Minnesota GOP Eyes Rare Gubernatorial Primary with 2 Former Nominees
Two former gubernatorial nominees are poised to square off in a primary for just the second time in Minnesota history
Tim Pawlenty’s much-anticipated entry into Minnesota’s 2018 gubernatorial contest not only brings one of the most well-known political figures in the state into the race, but also presumably improves the GOP’s chances at a rare pick-up for the office this cycle.
Despite the prospects of a Democratic wave this November, Minnesota’s open seat race was already expected to be fairly competitive even before the former two-term governor floated his 2018 bid last year.
And while Pawlenty’s entry is not likely to be field-clearing – as there remains plenty of ideological room to his right for a more Trump-friendly GOP candidate – the current crowded field will likely winnow during the coming weeks in advance of the state’s August 14th primary.
If Pawlenty is victorious in August, he will join three other Gopher State Republicans who have won their party’s primary three times:
- Theodore Christianson: 1924, 1926, 1928
- Harold Stassen: 1938, 1940, 1942
- Luther Youngdahl: 1946, 1948, 1950
The all-time state record is held by DFLer Orville Freeman who won the DFL primary for governor five times (1952, 1954, 1956, 1958, 1960) with Rudy Perpich doing so in four cycles (1978, 1982, 1986, 1990).
Pawlenty would also become the first Republican in the primary era to win his party’s nomination for governor in non-consecutive cycles.
The former 2012 presidential candidate joins a Republican field that includes Hennepin County Commissioner and former state legislator Jeff Johnson.
Presuming Johnson and Pawlenty remain in the race through the nomination phase, it will mark just the second time in state history that two former nominees faced each other in a gubernatorial primary – and the first time in more than 75 years.
Pawlenty’s two primary victories in 2002 and 2006 came with only nominal opposition – winning with north of 88 percent of the vote against just one candidate each time (perennial candidate Leslie Davis and libertarian-minded Sue Jeffers respectively).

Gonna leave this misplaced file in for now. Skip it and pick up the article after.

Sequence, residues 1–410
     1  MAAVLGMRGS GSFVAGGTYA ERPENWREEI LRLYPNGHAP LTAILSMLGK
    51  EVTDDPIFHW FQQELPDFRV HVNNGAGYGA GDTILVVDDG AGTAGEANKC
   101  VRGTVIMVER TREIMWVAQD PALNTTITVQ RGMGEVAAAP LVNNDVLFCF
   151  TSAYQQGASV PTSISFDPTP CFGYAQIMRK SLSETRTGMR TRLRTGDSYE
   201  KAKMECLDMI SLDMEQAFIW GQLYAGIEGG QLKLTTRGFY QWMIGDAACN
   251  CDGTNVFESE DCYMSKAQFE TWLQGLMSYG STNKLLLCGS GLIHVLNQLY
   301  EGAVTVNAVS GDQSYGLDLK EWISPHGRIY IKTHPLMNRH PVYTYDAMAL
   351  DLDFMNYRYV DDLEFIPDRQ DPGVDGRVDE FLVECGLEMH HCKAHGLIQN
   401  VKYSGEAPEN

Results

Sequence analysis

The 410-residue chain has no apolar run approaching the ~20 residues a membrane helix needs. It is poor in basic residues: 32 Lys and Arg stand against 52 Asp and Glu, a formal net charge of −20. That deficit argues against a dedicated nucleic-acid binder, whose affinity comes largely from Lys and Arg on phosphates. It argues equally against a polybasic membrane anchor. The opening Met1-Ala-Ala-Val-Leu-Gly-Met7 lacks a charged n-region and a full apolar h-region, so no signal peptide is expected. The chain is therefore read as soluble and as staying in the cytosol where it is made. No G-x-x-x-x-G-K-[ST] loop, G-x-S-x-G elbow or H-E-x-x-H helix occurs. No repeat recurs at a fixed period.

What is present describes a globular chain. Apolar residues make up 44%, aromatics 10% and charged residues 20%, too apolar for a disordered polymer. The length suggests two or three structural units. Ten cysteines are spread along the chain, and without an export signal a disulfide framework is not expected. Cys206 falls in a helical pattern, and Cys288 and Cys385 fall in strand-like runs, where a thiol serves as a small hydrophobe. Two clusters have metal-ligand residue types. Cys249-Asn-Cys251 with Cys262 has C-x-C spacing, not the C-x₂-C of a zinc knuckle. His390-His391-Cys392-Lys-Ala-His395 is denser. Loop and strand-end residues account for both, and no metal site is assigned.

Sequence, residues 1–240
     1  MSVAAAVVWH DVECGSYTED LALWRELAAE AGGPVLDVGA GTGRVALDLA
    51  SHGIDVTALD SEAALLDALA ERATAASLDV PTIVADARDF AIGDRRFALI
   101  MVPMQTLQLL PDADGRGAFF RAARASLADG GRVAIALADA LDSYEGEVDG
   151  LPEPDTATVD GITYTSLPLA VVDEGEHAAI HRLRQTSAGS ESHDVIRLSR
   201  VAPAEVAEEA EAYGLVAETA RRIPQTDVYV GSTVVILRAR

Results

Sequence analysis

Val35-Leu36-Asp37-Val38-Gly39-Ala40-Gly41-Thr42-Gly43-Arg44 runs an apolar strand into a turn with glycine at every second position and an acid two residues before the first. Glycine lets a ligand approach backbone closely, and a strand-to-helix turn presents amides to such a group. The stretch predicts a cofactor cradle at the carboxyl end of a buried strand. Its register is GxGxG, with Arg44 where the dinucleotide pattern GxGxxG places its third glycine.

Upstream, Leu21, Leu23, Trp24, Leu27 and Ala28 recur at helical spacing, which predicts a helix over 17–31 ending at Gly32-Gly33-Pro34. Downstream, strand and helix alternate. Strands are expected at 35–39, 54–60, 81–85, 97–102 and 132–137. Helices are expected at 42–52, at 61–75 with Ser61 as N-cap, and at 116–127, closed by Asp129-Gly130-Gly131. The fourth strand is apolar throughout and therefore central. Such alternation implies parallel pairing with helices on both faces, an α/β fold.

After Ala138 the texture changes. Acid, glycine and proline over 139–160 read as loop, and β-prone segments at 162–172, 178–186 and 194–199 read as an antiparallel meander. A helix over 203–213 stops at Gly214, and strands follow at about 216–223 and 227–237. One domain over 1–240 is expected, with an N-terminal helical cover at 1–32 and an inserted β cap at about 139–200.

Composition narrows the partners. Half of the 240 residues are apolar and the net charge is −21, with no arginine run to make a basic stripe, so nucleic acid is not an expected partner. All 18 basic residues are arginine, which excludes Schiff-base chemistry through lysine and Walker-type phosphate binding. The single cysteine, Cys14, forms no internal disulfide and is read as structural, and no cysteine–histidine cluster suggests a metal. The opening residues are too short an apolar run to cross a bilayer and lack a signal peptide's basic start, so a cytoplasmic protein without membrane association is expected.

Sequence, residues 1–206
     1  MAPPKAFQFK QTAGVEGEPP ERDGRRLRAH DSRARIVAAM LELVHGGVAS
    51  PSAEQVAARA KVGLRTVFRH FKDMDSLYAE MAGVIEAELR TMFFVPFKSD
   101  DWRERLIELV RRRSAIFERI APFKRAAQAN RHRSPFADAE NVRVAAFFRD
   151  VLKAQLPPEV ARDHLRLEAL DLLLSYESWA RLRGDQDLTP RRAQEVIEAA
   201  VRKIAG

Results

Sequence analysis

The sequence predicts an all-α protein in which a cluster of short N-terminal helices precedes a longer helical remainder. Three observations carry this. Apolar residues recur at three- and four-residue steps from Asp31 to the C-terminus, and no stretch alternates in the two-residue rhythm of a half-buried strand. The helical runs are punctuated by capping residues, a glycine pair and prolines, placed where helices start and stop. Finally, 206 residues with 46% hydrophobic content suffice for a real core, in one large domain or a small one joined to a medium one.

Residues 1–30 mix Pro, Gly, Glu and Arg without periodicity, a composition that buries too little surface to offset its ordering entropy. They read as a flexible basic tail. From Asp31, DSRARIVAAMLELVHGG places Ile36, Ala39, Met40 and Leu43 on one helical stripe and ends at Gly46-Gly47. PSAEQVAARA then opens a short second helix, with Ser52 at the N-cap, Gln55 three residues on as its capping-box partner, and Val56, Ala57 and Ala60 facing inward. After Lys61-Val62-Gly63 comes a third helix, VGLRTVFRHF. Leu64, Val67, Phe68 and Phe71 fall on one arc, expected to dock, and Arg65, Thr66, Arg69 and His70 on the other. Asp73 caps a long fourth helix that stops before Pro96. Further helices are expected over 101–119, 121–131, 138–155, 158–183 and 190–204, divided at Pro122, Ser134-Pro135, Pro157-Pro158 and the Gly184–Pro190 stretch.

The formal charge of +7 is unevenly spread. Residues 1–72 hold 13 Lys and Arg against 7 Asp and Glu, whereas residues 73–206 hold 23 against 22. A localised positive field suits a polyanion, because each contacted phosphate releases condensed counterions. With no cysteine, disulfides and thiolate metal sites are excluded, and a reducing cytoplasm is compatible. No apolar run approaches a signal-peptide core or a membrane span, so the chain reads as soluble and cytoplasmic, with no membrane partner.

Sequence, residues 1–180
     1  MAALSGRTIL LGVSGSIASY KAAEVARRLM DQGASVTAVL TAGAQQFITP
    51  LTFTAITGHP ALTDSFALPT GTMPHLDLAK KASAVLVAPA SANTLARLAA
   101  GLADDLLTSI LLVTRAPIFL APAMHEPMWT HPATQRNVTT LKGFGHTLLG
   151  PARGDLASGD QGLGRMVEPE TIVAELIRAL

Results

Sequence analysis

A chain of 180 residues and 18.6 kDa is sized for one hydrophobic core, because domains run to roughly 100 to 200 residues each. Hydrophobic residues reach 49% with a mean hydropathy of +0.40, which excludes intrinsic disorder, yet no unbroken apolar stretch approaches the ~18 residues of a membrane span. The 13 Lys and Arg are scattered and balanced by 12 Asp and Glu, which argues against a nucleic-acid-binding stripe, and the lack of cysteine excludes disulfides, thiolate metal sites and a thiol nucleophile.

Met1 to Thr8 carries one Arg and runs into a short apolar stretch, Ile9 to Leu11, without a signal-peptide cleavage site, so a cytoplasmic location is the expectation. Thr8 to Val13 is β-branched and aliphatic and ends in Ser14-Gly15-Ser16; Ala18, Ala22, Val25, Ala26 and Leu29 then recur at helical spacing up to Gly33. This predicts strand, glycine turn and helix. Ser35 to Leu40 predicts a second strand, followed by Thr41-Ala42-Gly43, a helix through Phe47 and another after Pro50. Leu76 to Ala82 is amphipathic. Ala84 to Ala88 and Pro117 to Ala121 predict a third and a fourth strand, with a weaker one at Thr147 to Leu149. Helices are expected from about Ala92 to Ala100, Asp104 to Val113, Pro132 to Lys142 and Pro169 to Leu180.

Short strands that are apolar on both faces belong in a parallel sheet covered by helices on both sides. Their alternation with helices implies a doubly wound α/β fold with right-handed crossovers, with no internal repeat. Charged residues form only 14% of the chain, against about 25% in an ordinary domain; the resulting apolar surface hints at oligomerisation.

Johnson, meanwhile, won the 2014 nomination with just 30.3 percent of the vote in a five-candidate field – the second lowest mark in Republican gubernatorial primary history across the 39 contests held since 1912.
[The nominee emerging with the lowest support in a GOP primary for the office is Theodore Christianson in 1924 with 22.8 percent in a six-candidate field that included former Secretary of State Julius Schmahl, Minneapolis Mayor George Leach, former U.S. Representative Franklin Ellsworth, and Railroad and Warehouse Commissioner Ole Jacobson].
The only other instance in which two gubernatorial nominees faced each other in the same primary was in 1942 when Austin attorney Martin Nelson challenged two-term Republican Governor Harold Stassen.
Nelson was the GOP nominee in 1934 and 1936 – handily winning his party’s primaries with 73.5 and 86.4 percent of the vote respectively.
However, Nelson was upended in both general elections to Farmer-Laborites – first to Governor Floyd Olson (by 6.9 points) and then to U.S. Senator Elmer Benson (by 22.2 points).
In 1938, Nelson ran for governor a third time but the 31 year-old Stassen defeated him by 18.0 points in the GOP primary.
After sitting out the 1940 contest, Nelson challenged Stassen in 1942 in what currently stands as the only matchup between two former gubernatorial primary winners. The ‘boy wonder’ governor easily defeated Nelson by 18.5 points en route to a third term in St. Paul. [Nelson eventually landed on his feet, becoming a Minnesota Supreme Court justice for nearly 20 years].
Heading into the 2018 cycle, the Nelson/Stassen battle in 1942 is the only primary with two former nominees out of the 39 Republican, Democratic, DFL, or Farmer-Laborite primaries that had a former nominee on the ballot.
Other remaining hopefuls in the 2018 race for the Republican Party nomination include former legislator and state party chair Keith Downey and Woodbury Mayor Mary Guiliani Stephens.
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